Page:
Windshields and automotive glass have become a curious thing as of late. These days, even windshields are targets for advanced technology.

The problem is that light from the sun attacks on two fronts — direct solar rays that go straight through the windshield and re-radiated infrared light that doesn't escape the vehicle once it is absorbed. This second offender creates a greenhouse-like effect in the cockpit.

Ultraviolet light causes things to fade — interior components such as leather, plastic consoles and dashboard vinyl. They break down, start to decompose and become weaker from constant exposure. Next is infrared light — that's where heat comes from. And heat, in most engineering environments, is a bad thing.

Guardian Automotive deals with these basic principles daily at its new Science and Research Technology Center in Carleton, MI. The company's targeting two primary areas of technology for windshields and has developed some fairly fantastic advances. The first is in heat-reduction windshields that reduce the above-noted effects.

The other up-and-coming technology is water-repellant hydrophobic coatings, says Scott Thomsen, director of science and technologies.

Guardian's infrared reflective (IRR) SilverGuard glass has an infrared emission rate of 48% — it actually contains a thin coating of silver in the 13-layer proprietary laminate. That's a 23% reduction in the amount of light and heat introduced into a vehicle's cockpit via a more conventionally tinted windshield. This is opening up all kinds of possibilities, says Mr. Thomsen. But Europe seems to be benefiting the most from IRR and its heat-reducing, sun-blocking properties.

Europe offers the perfect environment for IRR technology for volume production. Small-displacement gasoline and diesel engines with relatively little power to spare, fewer average miles driven per year and temperate climates reduce the penetration rate of air conditioning in European vehicles.

In fact, if a European buyer specifies air conditioning, it's probably coupled with some kind of infrared-reduction glass product, says Mr. Thomsen.

Certainly Europe is where Guardian's IRR technologies are taking hold.

“It's on the current Opel Zafira, and we've been selected for the Opel Corsa, the Volkswagen/Porsche (SUV) — and three others are pending with European OEMs,” says Steve R. Markevich, automotive group vice president.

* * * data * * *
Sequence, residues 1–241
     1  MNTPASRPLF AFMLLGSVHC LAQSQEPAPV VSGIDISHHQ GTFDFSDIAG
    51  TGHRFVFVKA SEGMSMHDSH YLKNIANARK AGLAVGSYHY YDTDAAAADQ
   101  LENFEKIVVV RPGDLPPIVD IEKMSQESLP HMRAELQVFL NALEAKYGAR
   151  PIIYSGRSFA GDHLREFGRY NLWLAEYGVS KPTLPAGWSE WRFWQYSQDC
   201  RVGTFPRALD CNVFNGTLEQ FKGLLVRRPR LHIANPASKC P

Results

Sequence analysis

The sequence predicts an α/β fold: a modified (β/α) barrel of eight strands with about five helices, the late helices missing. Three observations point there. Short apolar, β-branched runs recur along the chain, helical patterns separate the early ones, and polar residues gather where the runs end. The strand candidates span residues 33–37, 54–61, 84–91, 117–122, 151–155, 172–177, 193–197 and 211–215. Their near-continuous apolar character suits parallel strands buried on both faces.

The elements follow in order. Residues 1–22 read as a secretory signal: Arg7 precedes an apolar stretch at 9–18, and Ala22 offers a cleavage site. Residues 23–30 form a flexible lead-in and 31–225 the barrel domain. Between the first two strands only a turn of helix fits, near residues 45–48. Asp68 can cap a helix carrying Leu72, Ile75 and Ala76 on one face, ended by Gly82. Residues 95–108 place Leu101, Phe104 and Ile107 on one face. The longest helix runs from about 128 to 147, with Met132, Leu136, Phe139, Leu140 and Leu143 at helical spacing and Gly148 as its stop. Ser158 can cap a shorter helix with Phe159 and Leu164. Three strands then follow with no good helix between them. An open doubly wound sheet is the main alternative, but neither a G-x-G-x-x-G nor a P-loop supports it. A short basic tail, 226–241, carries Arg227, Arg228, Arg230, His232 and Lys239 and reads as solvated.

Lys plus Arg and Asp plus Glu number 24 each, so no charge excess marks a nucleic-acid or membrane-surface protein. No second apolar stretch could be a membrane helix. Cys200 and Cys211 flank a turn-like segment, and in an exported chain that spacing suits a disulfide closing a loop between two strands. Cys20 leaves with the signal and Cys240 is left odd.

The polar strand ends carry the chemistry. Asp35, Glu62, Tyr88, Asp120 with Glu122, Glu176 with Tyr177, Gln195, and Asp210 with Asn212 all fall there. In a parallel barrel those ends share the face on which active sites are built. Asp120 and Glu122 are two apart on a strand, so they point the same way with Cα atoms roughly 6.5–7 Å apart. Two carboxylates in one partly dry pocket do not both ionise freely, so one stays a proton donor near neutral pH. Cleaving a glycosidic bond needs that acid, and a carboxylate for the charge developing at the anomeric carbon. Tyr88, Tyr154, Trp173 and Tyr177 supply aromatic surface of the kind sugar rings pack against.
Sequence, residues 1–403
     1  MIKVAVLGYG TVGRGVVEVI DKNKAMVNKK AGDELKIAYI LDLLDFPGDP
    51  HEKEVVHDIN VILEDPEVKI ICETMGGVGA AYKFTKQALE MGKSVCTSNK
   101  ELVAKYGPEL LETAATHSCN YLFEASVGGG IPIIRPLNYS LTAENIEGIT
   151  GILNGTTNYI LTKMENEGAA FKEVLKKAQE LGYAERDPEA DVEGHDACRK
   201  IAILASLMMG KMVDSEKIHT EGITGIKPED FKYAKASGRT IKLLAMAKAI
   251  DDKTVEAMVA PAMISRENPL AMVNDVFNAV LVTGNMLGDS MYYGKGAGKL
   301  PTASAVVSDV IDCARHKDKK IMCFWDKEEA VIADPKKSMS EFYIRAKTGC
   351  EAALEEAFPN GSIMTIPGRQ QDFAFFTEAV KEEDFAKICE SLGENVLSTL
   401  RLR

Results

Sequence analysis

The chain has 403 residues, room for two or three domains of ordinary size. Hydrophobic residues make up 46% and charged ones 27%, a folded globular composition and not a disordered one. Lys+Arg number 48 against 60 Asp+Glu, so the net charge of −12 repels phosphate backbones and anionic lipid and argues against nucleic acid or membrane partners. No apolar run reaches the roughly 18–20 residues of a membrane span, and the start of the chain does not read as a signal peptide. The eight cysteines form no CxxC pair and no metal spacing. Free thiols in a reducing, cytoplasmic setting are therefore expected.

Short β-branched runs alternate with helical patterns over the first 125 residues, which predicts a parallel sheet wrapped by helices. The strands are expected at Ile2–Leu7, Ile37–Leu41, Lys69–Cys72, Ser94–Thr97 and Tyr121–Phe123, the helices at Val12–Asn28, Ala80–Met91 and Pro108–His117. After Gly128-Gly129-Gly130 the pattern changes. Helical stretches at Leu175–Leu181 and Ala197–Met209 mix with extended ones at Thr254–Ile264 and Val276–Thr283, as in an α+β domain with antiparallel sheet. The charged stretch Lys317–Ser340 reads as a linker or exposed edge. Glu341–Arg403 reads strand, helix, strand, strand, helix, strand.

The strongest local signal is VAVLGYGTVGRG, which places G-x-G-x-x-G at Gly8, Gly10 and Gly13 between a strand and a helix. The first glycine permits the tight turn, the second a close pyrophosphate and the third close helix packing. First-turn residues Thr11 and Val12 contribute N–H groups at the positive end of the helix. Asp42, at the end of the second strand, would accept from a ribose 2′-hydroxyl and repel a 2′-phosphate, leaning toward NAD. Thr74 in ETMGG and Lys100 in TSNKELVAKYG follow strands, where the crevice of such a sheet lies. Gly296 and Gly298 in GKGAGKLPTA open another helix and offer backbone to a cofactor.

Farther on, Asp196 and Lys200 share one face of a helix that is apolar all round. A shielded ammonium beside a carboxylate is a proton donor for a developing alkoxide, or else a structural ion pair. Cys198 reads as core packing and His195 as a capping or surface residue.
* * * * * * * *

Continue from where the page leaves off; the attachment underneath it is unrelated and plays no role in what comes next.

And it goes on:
It appears that North America is next in line for IRR.

“In the U.S., automakers that make Windstar-like vans are looking at IRR glass so they don't have to install second air conditioning units into those vans,” says Mr. Markevich.

The National Renewable Energy Lab (NREL) in Golden, CO, also is interested in this sort of energy-reduction technology. “We're trying to impact the whole country to reduce fuel consumption and pollution,” says John Rugh, senior mechanical engineer-NREL Center for Transportation Technologies and Systems. “We haven't put out any formal documentation on it, but in vague terms, yes, we do see a reduction in peak soak temperatures with infrared reflective glass.”

“Peak soak” is the temperature that automakers have to design air conditioning systems. A reduction in peak soak means a reduction in the size and energy draw of compressors, evaporator cores and blower motors. This, in turn, leads to an overall weight savings, as well as a downstream reduction in fuel consumption and pollutants.

And fans of that wonderful aftermarket water-repelling treatment, Rain-X, take note: Guardian also has developed what it calls a “hydrophobic” windshield that is tough as nails and repels water like a duck's back.

Hydrophobic technology for side-door glass already is well represented in production vehicles. It's standard equipment, for example, on this year's Lexus GS430.

But up to this point, no one has been able to design a water-resistant windshield coating that doesn't get eventually worn away by the action of the windshield wipers, says Mr. Thomsen.

Guardian, though, seems to have made the breakthrough with a test windshield that has more than 1 million wipe cycles and no signs of coating corrosion. Diamond Guard, as Guardian calls the coating, is scratch- and abrasion-resistant because of materials and the chemical vapor deposition process by which it is produced. The biggest question seems to be what a windshield like that is worth, says Mr. Thomsen.

“We're working with an OEM to quantify chips, digs and scratches and how they play out with warranty work to determine the windshield's value,” says Mr. Thomsen. “The cost itself (for the Diamond Guard technology) won't be prohibitive.”

In the end it will be stringent cost/benefit analysis on the part of the automakers as to if and when you'll see Diamond Guard and other laminate technologies on new vehicles. But with groups like NREL and the Environmental Protection Agency lobbying for better fuel economy and less noxious effluents — and a perpetual raising of the bar, so to speak, for luxury car equipment — chances are good that windshields are about to get better.